Then There Be Dragons
In author Terry Pratchett's Disc World series, dragons are real, as long as people believe in them. The stronger the belief, the more magnificent the dragon. In the series' first book, The Color of Magic, the main character is high above the ground, escaping on someone else's imagined dragon when he realizes doubting the dragon's existence could mean a long fall to the ground.
An article I wrote called Never Stop Believing was recently published in the Society of Children's Book Writers and Illustrators Bulletin magazine. It was about perseverance and fighting doubt in your work. I don't think I've ever met an artist or writer who hasn't faced doubt. For some, it's a constant companion. Writers experience it when their first drafts are criticized by peers, their polished work rejected by agents and editors, and their published work picked on by negative reviewers.
Yet, we keep on creating. It's who we are. Art grows inside of us and begs to be fulfilled. So we write our stories and craft our artworks and we try to believe they're worthy. That's where the dragons come in. I love the idea of a mighty beast as metaphor for our belief. The stronger our faith in our work, the more powerful the dragon. And it isn't just about our work, it's about believing in who we are, right now, no matter what we look like or what we've accomplished or how we compare to others. If we don't believe in ourselves, we cripple our abilities and potential.
Imagine you're nestled behind a dragon's wings, flying high over your town. You've just finished your latest art or story and it's good, maybe better than good. You can't wait to show it to others. Some love it and some don't. You downplay the praise and focus on the criticism. Your dragon starts to fade and you're falling fast towards the ground.
If we rely on others to confirm our art is worthy, we abandon the creative spirit inside of us. That spirit needs our faith to keep it flying high. So envision your dragon and feed it often. Grow it into something powerful and beautiful, just like you.
Reading from the Printz List
I've challenged myself to read five books from the Newberry award list and five from the Printz list by the end of this year. I'm starting with Sir Terry Pratchett's Dodger, a Printz winner.
Pratchett creates worlds and characters every bit as rich and amusing as the ones in Harry Potter's world, and he was doing it long before J.K. Rowling dreamed up the boy wizard. Makes me wonder if she might have been a wee bit influenced by him. Pratchett's fantasy series Disc World boasts forty-one books, including the Tiffany Aching subseries, written for YA readers.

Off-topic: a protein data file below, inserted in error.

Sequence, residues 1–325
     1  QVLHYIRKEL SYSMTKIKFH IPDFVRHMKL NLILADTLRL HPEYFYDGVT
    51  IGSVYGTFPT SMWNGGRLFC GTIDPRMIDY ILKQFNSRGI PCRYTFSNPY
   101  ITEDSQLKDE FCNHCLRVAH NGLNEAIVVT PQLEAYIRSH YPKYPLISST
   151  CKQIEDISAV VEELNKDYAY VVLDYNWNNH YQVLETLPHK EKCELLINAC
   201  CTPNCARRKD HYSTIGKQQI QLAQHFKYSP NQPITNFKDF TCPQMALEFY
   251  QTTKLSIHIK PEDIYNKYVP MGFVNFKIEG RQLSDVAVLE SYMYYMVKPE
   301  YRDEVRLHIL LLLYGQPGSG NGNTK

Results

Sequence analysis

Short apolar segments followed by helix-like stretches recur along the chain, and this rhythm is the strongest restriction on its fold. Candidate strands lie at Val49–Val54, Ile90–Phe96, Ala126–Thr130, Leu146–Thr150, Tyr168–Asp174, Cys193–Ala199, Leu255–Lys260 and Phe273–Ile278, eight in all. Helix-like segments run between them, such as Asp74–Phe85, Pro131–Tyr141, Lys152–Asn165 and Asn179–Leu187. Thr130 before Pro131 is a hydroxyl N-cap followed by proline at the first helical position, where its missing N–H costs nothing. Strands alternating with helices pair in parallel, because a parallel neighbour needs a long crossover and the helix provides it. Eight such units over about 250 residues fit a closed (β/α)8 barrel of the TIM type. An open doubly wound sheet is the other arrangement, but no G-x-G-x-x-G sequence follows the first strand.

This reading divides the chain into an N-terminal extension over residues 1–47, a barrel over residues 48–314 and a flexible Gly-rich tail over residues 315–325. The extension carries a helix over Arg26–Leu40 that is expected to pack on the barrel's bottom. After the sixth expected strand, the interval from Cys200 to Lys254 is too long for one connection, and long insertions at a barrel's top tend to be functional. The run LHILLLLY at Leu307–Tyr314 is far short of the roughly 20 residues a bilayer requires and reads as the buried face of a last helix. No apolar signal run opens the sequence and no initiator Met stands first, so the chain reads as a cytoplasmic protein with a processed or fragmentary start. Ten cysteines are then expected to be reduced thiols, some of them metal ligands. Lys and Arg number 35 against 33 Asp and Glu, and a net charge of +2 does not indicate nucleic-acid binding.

Set in Victorian London, Dodger is historical fiction with a twist (Pardon the pun. I promise, it wasn't intentional.) "I'm Dodger on account of I'm never there if you know what I mean. Everybody knows Dodger." That's the voice of Pratchett's seventeen-year-old protagonist, a tosher by trade. Toshers troll the city's underground for the things people drop. On good days, that's coins and jewelry. On bad days, it's . . . well . . . it's the stuff people usually deposit in sewers. Although, believe it or not, in those days, London's sewers were fairly clean. Dodger is king of the toshers, an expert pick pocket and petty thief, and he's never once been caught by the Peelers (If you don't know what this is, you will by the end of the book).
Dodger also has a heart. Living with an old Jewish man that he saved from thugs, Dodger never hesitates to jump in if someone needs help. When writer and journalist Charles Dickens discovers Dodger saving a badly beaten young woman named Simplicity from attackers, he hires Dodger to help him discover who beat her and why. Dodger is smitten with Simplicity. He agrees to help Dickens. The mystery draws him out of his comfortable, lower class world into the realm of the educated and wealthy. While Dodger upends aristocratic London, he begins to believe toshing may not be all his future holds.
Pratchett wrote this book as a tribute to Henry Mayhew, a peer of Dickens who published articles and a book highlighting the horrible conditions of London's poor. Dickens' work is too dark and tragic for me. But there's no denying his talent for creating unforgettable stories and characters. Pratchett plucked Dodger from Dickens' Oliver Twist, added his limitless imagination and edgy humor, then set the teen loose to tell his story. It's a fantastic read. If you haven't already read it, what are you waiting for?
Sir Terry Pratchett is sadly suffering from the early stages of Alzheimer disease. But he continues to write with the help of a dedicated assistant and his daughter. He also enjoys speaking so there are lots of videos of him on YouTube. You'll find some of them posted on his site. Go there, check it out.
Dodger has a healthy respect for rats, being as he spends so much time with them. Since rats are notorious hoarders, I imagine they do their own toshing. And that's where today's sketch comes from.
I write middle grade and young adult books with a magical twist. I'm represented by the fabulous Leslie Zampetti of Dunham Lit.
Lorin Oberweger - Freelance Editor